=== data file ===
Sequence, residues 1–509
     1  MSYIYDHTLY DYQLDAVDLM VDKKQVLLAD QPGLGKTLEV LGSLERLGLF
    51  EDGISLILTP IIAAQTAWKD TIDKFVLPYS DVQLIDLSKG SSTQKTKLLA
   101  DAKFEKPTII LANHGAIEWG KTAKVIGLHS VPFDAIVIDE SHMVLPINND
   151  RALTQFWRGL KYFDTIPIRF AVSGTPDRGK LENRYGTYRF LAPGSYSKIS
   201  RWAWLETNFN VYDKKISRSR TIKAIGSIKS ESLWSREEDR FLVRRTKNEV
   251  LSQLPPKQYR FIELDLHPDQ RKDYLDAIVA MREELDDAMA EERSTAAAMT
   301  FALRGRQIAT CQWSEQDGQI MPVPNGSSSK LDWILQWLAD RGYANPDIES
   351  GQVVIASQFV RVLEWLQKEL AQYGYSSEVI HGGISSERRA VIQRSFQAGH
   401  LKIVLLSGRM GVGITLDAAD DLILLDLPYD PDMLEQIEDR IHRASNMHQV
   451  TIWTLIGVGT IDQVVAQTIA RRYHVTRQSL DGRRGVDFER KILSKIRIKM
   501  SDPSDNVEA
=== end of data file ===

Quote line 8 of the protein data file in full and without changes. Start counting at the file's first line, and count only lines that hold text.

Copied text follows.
   301  FALRGRQIAT CQWSEQDGQI MPVPNGSSSK LDWILQWLAD RGYANPDIES